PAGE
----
Much in the games industry has changed beyond recognition over the past 40 years. But one specific thing that might be an issue not obvious to non-developers is what co-creator of Fallout Tim Cain calls the “decline of generalists.”

Who are generalists in gamedev and why their decline hurts tool quality, explained by Tim Cain

Who are generalists in game development?

Cain touched on this topic in one of the recent videos on his YouTube channel.

  • “A generalist is someone who is skilled in multiple disciplines,” he explained, adding that this includes, say, artists who can also write, or producers who can code.
  • Cain believes that the number of such professionals has declined sharply over the past 20 years.
  • For example, there used to be just game designers, but now there are level designers, narrative designers, systems designer, etc.
  • The same goes for programmers — now we have specialists focused on specific areas like gameplay, graphics, or UI.

What happened to generalists?

  • The decline of generalists occurred as the industry got bigger in terms of the people involved. Most developers working on video games today are specialists focused on one specific area.
  • “I have met very few narrative designers who do anything but write,” Cain said. “I have met people who work in UX, and that’s all they do.”
  • Modern games take a much longer time to develop, they require way more people compared to the 90s or 80s, and their fidelity (quality of details) is on another level.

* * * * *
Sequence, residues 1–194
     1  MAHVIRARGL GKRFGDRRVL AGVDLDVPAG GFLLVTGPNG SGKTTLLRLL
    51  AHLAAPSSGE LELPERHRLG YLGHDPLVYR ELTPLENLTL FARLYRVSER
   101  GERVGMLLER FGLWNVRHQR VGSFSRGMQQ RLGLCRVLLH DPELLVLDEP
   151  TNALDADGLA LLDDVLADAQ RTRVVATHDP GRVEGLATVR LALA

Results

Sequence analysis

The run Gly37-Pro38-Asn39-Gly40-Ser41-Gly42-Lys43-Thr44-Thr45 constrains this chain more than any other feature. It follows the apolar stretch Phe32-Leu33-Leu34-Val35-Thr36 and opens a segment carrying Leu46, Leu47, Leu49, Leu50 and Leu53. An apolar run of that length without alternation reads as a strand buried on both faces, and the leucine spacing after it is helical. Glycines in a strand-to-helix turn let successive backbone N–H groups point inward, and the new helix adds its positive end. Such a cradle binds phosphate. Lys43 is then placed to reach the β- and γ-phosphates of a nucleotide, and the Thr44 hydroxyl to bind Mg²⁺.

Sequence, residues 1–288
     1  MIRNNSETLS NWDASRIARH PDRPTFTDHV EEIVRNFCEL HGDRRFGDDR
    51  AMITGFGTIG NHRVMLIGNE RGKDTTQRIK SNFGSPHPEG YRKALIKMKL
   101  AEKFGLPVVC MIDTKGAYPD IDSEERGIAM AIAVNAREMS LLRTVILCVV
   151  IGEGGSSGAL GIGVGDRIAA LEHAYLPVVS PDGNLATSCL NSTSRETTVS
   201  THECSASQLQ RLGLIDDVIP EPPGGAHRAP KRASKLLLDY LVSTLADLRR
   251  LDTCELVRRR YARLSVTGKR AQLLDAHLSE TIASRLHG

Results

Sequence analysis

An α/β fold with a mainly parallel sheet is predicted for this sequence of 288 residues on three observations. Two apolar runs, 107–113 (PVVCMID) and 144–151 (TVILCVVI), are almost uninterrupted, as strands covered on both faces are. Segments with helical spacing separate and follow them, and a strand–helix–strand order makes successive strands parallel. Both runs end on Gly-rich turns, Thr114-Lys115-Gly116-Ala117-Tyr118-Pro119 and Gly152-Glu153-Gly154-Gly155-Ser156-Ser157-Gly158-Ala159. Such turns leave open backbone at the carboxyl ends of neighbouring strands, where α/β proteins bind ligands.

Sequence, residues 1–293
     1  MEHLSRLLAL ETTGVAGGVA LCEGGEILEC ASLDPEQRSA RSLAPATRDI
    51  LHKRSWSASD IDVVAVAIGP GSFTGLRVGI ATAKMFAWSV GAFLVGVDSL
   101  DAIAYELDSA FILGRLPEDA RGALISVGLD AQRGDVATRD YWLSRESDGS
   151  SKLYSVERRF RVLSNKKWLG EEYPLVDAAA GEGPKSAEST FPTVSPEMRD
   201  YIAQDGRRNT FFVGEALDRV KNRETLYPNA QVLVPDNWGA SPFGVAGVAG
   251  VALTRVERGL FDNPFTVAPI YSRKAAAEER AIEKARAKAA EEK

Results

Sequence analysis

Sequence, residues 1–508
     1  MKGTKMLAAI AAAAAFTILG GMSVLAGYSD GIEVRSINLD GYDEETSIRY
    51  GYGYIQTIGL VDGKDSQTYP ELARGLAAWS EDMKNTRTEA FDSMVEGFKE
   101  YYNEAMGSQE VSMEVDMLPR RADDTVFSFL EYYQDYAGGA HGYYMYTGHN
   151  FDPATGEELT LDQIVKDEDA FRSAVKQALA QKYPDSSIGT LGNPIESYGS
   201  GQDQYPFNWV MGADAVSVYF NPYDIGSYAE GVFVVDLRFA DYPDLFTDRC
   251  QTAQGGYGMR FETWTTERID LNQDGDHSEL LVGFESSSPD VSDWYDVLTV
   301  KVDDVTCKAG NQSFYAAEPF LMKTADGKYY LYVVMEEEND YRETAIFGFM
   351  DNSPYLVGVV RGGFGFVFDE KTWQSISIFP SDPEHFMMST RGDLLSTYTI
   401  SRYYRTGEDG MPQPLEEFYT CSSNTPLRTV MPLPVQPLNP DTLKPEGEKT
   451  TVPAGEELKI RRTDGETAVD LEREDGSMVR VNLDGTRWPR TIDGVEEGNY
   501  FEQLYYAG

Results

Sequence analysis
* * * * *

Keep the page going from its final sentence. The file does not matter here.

• Companies need people who work only in specific areas to ensure the high quality of certain elements, so the shift from generalists to specialists makes good business sense.
  • And it is also easier for developers to be specialists, as they only need to focus on one discipline (or even a sub-discipline).

The lack of generalists leads to games full of disjointed elements

  • To illustrate the power of such professionals, Cain recalled how some programmer generalists he worked with understood other areas (sound, UI, etc.) and could link different systems together.
  • Having one person on the team who knows all the disciplines makes all the difference. For example, a programmer who knows how the art is put together can speed up the loading of the art or put together the particle effect system.
  • “If a designer or an artist knows code, they can ask for the features they want very specifically. It involves less vague generalizations.” Cain noted, adding that knowing how the code works lets various professionals understand and work around limitations of the game engine.
  • So it is about having people on the team who can speak to other professionals in their language and understand how things work in areas outside of their core expertise.
  • Another huge advantage of generalists is tools. As Cain pointed out, “no one makes tools better than generalists because these are programmers who know what the artist, musician, or level designer is trying to do and they make tools that expose those controls in clear, easy ways to use.”
  • The decline in tool quality is a direct consequence of the decline in the number of generalists.
  • There are also so-called “force multipliers,” people who can improve the productivity of everyone just by their very existence on the team. Cain believes that only generalists can fill this role, and this is what modern game development is lacking.
  • This leads to games where individual elements are made in a vacuum, with players then never using certain features. As Cain explained, this is because those features were made by “someone who was very passionate and knew how to put it in, but there was no one who connected it to other things.”

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